Structural Problems of Program-production System
France Télévisions, the French public television broadcaster, is currently undergoing sweeping reform. While, in our July issue, Mr. Pflimlin, président-directeur général of France Télévisions, related his vision for its future, including branching out into new media, some media scholars have voiced their misgivings. Serge Regourd, professor of Université des Sciences paciales de Toulouse and the author of “Vers la fin de la télévision publique?” (Towards the end of public television?”), pointed out structural problems embedded in the program-production system unique to France.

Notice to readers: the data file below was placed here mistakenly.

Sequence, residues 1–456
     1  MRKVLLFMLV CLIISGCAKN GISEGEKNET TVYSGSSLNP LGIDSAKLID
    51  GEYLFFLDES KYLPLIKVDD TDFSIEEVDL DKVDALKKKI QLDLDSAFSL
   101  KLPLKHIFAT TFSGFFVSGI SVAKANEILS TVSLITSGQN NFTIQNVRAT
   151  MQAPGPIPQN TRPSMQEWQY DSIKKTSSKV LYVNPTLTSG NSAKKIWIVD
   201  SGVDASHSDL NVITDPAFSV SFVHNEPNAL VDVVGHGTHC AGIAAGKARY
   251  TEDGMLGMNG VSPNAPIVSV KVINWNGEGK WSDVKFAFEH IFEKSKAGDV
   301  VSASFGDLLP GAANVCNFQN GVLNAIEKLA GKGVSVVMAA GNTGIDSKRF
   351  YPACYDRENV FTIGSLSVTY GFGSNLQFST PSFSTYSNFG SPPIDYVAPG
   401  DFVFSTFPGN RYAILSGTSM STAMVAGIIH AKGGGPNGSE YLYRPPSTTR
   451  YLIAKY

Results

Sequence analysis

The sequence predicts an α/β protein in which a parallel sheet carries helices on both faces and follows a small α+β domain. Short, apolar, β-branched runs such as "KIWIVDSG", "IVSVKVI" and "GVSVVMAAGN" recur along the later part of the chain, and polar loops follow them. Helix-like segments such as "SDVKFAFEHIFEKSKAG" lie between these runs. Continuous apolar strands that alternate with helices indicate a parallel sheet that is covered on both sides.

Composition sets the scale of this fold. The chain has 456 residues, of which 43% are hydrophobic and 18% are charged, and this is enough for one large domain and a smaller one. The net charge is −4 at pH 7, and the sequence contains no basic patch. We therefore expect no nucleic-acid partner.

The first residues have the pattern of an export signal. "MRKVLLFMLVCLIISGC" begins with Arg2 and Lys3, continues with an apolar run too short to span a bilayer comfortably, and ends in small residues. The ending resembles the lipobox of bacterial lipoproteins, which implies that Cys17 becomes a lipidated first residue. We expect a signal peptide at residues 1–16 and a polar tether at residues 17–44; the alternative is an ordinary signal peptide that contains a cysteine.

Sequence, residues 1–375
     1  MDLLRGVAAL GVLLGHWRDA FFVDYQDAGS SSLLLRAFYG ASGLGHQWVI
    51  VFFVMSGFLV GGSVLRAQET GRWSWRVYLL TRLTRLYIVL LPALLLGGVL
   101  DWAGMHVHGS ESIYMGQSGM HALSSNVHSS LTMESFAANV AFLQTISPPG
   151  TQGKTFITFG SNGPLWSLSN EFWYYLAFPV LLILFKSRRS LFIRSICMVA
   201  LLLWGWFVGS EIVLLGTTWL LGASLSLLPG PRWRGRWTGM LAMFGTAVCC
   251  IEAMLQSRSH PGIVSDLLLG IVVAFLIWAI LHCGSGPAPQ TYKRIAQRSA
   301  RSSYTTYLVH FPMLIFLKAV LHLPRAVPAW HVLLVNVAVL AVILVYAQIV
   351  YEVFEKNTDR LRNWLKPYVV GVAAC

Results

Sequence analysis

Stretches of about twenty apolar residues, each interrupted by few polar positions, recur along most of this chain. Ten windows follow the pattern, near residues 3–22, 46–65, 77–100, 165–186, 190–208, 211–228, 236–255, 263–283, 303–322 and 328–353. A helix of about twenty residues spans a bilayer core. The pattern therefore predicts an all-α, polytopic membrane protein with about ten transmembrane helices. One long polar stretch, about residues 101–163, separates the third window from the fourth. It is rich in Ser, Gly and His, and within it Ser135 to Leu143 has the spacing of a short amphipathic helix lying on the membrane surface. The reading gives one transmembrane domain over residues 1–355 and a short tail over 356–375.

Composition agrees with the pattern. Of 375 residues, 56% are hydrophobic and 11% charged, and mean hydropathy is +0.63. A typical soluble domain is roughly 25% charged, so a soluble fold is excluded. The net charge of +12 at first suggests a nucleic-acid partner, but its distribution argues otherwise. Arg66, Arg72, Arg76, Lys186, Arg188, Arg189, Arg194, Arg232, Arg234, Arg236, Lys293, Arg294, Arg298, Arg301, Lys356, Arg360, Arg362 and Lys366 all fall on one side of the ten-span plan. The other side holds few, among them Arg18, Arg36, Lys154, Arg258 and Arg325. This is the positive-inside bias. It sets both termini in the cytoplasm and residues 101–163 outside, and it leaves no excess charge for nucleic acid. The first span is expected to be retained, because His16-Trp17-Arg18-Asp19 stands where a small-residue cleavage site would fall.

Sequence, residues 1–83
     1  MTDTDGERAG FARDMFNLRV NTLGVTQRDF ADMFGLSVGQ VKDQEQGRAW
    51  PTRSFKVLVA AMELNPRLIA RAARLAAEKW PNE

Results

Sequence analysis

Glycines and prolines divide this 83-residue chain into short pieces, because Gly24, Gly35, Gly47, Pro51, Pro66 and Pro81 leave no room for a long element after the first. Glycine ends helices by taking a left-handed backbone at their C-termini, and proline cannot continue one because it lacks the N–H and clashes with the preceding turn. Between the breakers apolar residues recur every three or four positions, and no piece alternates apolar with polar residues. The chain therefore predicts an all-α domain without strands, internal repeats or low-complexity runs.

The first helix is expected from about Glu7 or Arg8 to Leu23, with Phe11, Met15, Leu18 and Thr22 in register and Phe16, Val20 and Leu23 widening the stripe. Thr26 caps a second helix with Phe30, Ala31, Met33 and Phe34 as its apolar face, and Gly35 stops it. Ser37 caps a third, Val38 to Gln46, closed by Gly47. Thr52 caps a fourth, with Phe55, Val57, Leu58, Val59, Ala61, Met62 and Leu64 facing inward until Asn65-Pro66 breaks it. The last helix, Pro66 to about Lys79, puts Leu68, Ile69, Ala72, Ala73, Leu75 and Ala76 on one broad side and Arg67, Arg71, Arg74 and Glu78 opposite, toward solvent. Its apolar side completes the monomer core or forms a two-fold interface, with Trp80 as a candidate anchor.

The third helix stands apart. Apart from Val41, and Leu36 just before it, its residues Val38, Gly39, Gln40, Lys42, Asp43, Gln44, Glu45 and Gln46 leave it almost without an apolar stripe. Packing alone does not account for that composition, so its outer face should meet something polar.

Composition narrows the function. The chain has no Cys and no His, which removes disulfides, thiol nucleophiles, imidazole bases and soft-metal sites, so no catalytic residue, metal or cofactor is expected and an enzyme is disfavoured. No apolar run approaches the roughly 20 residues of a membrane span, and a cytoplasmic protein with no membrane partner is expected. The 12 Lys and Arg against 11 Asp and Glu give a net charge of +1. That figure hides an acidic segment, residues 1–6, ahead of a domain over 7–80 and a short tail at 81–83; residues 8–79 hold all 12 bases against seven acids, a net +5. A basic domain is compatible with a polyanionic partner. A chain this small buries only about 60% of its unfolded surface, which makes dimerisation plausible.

In 1974, the Office de Radiodiffusion-Télévision Française (ORTF), a bloated public monopoly, was broken up into seven companies. The production division was spun off as a separate program production entity and later privatized. In France, a country noted for its drive to protect its cultural market, there is content regulation imposed on broadcasters by legislative decree so that more than two-thirds of broadcast contents such as dramas should be produced by domestic independent production companies. As a result, including regular news shows, programs produced by France Télévisions itself are limited at around 10-15% of all the contents aired. That means, Prof. Regourd says, France Télévisions owns copyrights on those limited numbers of contents. This copyright situation will be a major impediment to the future ambition of France Télévisions looking to develop into the new media, because offering contents to various platforms inevitably involves negotiations with copyright-owing independent production companies. In the age of multi-faceted broadcasting media, the viewers are becoming more content-oriented and losing the traditional habit of being drawn to favorite channels. Prof. Regourd contends that the present structure which separates broadcasting from production should be changed, and the initiative of program-production along with copyrights should be in the hands of the public service broadcasting house.
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